I have even found that the ground I am standing on can affect how easy or difficult it is to pull the starter handle. If I can’t get a good footing, then the starter flywheel won’t turnover, and there will be no ignition in the combustion chamber. The grass under the mower can also present a problem with easy starting.

Whenever I need to start a finicky mower, I put it on a hard flat surface. This allows me to really get a good footing and pull the cord smoothly. With no turf underneath to slow the blades down, eventually, I can get the motor cranking. If my mower starts to get like this, I usually begin replacing parts that are wearing out.

Why Can’t I Pull the Starter Rope?

There are quite a few reasons why new lawn mowers might not pull start right away, and a quick look-over can ensure that everything is assembled correctly. The blade needs to be attached tightly, and the flywheel brake needs to be unlocked. If anything is loose or not attached right, find the special tools that came with your mower, like the flywheel key and the tool to adjust your mower blade.

If everything is unlocked and connected correctly, it may be an issue with the recoil spring, hydro-locking, or a disconnected spark plug. Remove the spark plug with a spark plug removal tool, and then you can check the lawnmower blade for debris or a blade obstruction. The recoil starter can also be examined. If the issue is still not clear, you may need to do more detailed troubleshooting.

Pull Chord Troubleshooting

To really get to the bottom of what is wrong with your lawn mower starter rope, you will need to look at all the components that are responsible for starting the engine. If there are no obvious steps that can fix the problem, you may need to begin taking things apart and looking at individual problem areas. Inspection of a mower should always be done safely.

Unplug and remove the spark plugs and ground the spark plug wire to make sure the mower will not fire suddenly. Check the spark plug hole for signs of oil, and look at the recoil starter. Finally, check the blade for debris jamming before moving on to more detailed looks at the trouble zones.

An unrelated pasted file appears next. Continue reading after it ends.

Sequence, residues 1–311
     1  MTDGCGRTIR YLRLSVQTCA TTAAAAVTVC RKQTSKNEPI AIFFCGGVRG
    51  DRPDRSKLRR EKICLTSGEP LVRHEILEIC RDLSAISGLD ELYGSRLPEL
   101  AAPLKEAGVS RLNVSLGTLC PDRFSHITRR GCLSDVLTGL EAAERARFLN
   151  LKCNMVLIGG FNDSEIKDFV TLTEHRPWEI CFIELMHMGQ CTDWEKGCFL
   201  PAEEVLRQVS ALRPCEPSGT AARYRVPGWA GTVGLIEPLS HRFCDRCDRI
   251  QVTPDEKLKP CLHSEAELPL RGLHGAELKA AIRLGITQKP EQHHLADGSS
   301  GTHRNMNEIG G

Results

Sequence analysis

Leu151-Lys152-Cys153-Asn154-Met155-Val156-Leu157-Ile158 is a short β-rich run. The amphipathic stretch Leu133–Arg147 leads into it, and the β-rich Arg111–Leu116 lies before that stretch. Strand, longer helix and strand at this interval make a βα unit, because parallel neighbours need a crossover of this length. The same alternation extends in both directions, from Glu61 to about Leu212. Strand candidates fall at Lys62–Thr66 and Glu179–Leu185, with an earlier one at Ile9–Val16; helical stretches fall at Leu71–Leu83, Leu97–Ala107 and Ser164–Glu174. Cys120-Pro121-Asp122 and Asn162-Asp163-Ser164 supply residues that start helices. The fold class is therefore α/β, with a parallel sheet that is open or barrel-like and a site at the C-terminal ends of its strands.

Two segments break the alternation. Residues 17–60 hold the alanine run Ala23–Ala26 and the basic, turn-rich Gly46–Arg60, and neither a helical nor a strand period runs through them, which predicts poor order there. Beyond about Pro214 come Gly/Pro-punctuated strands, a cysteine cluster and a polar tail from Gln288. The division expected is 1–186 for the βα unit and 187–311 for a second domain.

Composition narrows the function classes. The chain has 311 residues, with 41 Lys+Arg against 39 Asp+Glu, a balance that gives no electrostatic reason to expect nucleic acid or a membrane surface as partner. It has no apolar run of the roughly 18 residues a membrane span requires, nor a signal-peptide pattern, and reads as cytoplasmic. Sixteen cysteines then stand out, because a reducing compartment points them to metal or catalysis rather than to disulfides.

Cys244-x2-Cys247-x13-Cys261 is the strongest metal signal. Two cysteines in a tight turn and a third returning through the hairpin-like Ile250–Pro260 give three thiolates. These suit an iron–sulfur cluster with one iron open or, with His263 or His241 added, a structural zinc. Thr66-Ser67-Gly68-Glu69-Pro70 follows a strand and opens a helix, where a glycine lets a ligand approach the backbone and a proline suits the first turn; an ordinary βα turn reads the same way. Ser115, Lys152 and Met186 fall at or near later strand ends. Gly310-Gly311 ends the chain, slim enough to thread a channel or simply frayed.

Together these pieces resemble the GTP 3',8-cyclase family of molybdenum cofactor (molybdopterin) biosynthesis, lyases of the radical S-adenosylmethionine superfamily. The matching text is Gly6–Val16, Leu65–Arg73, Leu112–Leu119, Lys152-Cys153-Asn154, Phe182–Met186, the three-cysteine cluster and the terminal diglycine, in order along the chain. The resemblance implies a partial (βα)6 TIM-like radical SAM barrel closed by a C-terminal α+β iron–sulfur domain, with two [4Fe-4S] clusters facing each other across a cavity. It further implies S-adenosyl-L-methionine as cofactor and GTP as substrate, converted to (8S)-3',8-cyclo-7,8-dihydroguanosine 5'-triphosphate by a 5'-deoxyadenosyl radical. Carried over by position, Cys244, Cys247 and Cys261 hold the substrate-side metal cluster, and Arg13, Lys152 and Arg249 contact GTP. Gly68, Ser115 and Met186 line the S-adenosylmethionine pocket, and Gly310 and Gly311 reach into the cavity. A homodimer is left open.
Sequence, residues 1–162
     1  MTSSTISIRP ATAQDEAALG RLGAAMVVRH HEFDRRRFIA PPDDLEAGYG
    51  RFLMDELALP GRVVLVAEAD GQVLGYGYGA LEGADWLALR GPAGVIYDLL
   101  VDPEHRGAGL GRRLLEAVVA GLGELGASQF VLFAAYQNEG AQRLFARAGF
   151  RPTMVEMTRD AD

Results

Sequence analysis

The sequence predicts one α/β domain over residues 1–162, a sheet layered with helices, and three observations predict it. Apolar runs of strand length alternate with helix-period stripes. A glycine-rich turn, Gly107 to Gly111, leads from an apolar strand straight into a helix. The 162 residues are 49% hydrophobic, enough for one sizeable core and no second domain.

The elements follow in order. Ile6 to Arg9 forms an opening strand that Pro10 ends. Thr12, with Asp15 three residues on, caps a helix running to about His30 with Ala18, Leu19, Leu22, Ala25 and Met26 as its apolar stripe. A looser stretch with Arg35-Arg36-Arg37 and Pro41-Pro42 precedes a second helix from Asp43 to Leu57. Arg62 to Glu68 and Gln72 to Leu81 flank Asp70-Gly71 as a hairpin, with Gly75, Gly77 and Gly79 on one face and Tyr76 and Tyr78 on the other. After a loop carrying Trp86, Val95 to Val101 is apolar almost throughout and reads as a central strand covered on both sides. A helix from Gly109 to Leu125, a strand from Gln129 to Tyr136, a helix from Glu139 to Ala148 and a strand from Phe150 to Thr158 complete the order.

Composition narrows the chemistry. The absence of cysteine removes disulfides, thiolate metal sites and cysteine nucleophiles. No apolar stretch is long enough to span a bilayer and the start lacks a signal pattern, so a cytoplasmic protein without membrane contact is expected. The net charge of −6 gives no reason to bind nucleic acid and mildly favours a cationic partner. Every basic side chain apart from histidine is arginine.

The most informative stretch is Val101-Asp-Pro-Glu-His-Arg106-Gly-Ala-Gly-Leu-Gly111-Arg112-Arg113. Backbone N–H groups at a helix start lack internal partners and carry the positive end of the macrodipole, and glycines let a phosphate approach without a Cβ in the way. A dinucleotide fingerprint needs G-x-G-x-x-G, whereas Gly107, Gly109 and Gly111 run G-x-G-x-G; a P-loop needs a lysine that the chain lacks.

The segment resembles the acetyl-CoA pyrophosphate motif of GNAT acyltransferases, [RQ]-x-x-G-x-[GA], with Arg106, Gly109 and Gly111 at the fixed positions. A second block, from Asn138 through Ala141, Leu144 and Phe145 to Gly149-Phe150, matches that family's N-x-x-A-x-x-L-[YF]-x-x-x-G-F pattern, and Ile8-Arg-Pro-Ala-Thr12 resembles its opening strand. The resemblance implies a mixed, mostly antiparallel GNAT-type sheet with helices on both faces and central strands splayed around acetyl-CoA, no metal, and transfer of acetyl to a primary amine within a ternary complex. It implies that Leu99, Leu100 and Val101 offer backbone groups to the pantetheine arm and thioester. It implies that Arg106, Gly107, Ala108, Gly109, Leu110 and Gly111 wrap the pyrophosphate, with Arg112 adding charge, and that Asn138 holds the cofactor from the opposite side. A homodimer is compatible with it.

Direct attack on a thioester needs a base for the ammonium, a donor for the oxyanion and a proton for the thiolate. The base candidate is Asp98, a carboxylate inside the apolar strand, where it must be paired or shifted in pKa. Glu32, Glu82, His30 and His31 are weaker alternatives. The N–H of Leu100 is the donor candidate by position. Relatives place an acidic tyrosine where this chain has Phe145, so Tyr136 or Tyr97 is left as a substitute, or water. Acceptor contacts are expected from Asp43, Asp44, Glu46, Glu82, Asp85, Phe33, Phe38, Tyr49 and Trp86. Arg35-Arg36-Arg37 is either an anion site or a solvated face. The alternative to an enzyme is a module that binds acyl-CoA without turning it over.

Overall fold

Possible Cause What to Check What to Adjust
Factory Safety Lock Where the handle extends below the mower deck Remove any pieces that obstruct the blade shaft
Fly Wheel Brake Stuck Handle and Cable Tighten or loosen the cable and open and close hand grip
Debris Jam Under Mower Deck and Blades Remove clumps and anything stuck or tangled
Hydro-Lock Engine and cylinder head Pour the oil out of the spark plug hole
Snagged Starter Rope Recoil Assembly Replace the whole unit; do not take it apart
Loose or Missing Blade Mower Blade and Hardware Replace or attach the blade and tighten the nuts
Damaged Crankshaft or Engine Engine Cylinder and started mechanism near the crankshaft Replace any damaged or faulty parts

Factory Safety Lock

Some mowers come with a block or wedge to keep the mower blade stationary in transport. Other brands have a handle that holds down where the blades sit for transport and then needs to be removed before starting. Check to make sure that everything restricting starting has been removed before investigating further.

Flywheel Brake Stuck

This slows the mower down quickly to prevent injury or to help keep lawn cuts clean. The flywheel brake can get sticky with lawn debris and other grime and may stay engaged even when you have released it. With the brake engaged, it will be hard to generate the pulling power needed to start the motor. The recoil spring uses the flywheel to counter the pull and start the blades, so if that can’t occur smoothly, it is unlikely your mower will start.